Kevin J. Anderson
|Audio read by||Scott Brick|
|Cover artist||Stephen Youll|
|Series||Prelude to Dune|
|Media type||Print (hardback & paperback)|
|LC Class||PS3558.E617 D87 2000|
|Preceded by||Dune: House Atreides|
|Followed by||Dune: House Corrino|
Dune: House Harkonnen is a 2000 science fiction novel by Brian Herbert and Kevin J. Anderson, set in the fictional Dune universe created by Frank Herbert. It is the second book in the Prelude to Dune prequel trilogy, which takes place before the events of Frank Herbert's celebrated 1965 novel Dune. The Prelude to Dune novels draw from notes left behind by Frank Herbert after his death.
Eighteen years have passed since Shaddam IV succeeded his father as Padishah Emperor of the Known Universe. However, his rule is precarious as his wife Anirul has been instructed by her Bene Gesserit sisterhood to bear him only daughters. Shaddam's authority is also challenged by the powerful House Harkonnen, whose illegal stock-piling of melange is of great concern to the Emperor. In order to monopolize the spice, Shaddam and his trusted advisor and friend, Count Fenring, plan to synthesize the substance with the help of Hidar Fen Ajidica, a Tleilaxu Master Researcher. Ajidica sets up laboratories to accomplish this purpose on the newly conquered planet of Ix, formerly the home of House Vernius. By the end of the novel, Ajidica tells Fenring that the manufacture of synthetic spice has been a success, although the validity of his claim is highly dubious.
Meanwhile, on Caladan, Duke Leto Atreides bids Duncan Idaho farewell. Duncan is headed for Ginaz, where he will study to become a swordmaster. Leto and his friends, Kailea and Rhombur Vernius, are still struggling to liberate the siblings' former homeworld, but they have made little progress so far. Kailea becomes Leto's concubine, though he refuses to marry her for obvious political reasons. Rhombur seeks out a companion from the Bene Gesserit order and is matched with a young woman named Tessia who gives him a new sense of drive and purpose. After receiving a plea for help from C'tair Pilru, an Ixian rebel, Rhombur begins supplying the Ixian resistance with limited aid, though his attempts are greatly hindered by the Emperor's Sardaukar. Kailea soon gives birth to Leto's son, Victor. After the child's birth, she becomes increasingly dissatisfied with her role as Leto's concubine, wanting the Duke to marry her so that their son can succeed his father someday. Kailea's lady-in-waiting, Chiara, is actually a Harkonnen agent sent to poison Kailea's mind against Leto.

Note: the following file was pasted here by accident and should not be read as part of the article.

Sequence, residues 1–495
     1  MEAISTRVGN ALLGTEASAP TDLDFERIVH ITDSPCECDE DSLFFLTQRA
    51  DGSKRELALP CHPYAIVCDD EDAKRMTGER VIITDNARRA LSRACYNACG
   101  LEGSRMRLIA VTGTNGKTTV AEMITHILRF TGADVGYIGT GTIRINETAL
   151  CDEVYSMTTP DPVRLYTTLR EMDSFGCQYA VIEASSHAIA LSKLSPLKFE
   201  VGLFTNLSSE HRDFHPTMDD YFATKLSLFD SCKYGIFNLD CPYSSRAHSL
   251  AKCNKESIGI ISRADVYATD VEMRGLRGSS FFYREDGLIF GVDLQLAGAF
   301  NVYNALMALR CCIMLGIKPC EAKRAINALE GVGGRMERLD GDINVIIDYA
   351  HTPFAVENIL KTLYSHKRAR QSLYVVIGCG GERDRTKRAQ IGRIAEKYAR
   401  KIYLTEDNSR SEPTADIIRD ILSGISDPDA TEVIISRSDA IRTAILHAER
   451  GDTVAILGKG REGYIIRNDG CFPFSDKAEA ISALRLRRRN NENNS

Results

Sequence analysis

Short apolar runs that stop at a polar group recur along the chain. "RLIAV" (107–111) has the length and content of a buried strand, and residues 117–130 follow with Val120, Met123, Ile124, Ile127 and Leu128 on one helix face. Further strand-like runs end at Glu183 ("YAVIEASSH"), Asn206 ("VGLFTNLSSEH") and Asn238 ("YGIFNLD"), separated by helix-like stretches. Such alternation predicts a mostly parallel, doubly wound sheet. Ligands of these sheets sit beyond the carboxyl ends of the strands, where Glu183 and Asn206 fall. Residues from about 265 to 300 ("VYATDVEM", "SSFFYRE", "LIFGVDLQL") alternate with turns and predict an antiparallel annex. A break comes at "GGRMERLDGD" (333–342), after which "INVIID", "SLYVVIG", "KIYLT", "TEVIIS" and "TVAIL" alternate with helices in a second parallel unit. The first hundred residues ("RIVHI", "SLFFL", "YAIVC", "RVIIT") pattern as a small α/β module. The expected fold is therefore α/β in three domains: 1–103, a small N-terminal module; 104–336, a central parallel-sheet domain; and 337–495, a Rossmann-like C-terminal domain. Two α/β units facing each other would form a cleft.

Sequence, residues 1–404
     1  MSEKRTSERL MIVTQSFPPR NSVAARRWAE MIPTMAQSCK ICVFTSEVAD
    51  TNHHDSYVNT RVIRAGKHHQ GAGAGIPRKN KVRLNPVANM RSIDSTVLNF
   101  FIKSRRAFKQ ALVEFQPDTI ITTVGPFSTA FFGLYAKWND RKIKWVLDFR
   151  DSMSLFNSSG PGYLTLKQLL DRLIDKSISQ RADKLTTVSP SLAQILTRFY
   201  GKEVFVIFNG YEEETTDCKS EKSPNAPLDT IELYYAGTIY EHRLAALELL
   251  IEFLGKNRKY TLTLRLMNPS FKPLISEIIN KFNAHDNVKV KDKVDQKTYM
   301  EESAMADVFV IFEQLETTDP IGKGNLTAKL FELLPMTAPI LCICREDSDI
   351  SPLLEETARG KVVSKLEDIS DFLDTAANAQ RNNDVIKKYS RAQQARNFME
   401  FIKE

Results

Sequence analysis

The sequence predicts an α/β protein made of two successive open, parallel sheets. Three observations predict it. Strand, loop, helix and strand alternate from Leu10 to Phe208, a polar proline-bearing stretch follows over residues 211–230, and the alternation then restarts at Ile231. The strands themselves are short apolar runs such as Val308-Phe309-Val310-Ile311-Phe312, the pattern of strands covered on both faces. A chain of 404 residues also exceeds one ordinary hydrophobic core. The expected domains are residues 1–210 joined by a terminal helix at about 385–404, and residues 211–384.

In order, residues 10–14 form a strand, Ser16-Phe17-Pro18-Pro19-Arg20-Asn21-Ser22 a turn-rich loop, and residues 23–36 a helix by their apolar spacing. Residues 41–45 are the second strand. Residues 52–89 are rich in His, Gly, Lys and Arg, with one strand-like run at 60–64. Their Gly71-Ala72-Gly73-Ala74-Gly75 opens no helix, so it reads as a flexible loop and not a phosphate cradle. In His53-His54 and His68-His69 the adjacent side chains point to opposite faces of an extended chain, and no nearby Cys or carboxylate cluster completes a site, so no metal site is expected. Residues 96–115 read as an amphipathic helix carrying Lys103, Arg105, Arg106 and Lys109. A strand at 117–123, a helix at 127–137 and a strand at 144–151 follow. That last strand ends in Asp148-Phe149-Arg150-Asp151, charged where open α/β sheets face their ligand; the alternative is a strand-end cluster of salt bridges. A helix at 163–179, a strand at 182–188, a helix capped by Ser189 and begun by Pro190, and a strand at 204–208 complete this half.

Matters are complicated further with the arrival of Jessica, a Bene Gesserit and the secret daughter of Reverend Mother Gaius Helen Mohiam and Baron Vladimir Harkonnen (though Jessica herself is unaware of her parentage). Jessica is presented to Leto as a gift from the Bene Gesserit, although the sisterhood has the ulterior motive of using the pair in their breeding program. At first, Leto refuses to have much to do with Jessica and tries to remain faithful to Kailea. However, as he and Kailea grow farther apart, he begins to seek out Jessica's company. Finally, Kailea is driven to make an attempt on Leto's life by having an explosive device planted on his skyclipper. At the last minute, Atreides house guard Captain Swain Goire decides to let Victor and Rhombur go along with Leto, and the boy dies instead. Leto is relatively unharmed, but Rhombur is reduced to little more than a charred lump of flesh. Fearing that Leto will guess that she is responsible for the death of their son and driven by guilt, Kailea kills her lady-in-waiting (a spy from the Harkonnen) and then commits suicide by jumping out a window. The Tleilaxu offer to grow a ghola of Leto's deceased son in exchange for the barely alive body of Rhombur Vernius. Leto ultimately refuses, after much soul-searching, knowing that the Tleilaxu intend only harm towards House Vernius and House Atreides. Instead, Tessia, a Bene Gesserit and wife of Rhombur, with consent of Leto hires Dr. Wellington Yueh, an expert in the field of cybernetics, to fashion a cybernetic replacement body for Rhombur. Leto and Jessica fall deeply in love, leading Jessica to decide to conceive a son for Leto's sake, directly disobeying the Bene Gesserit's order that she have a daughter.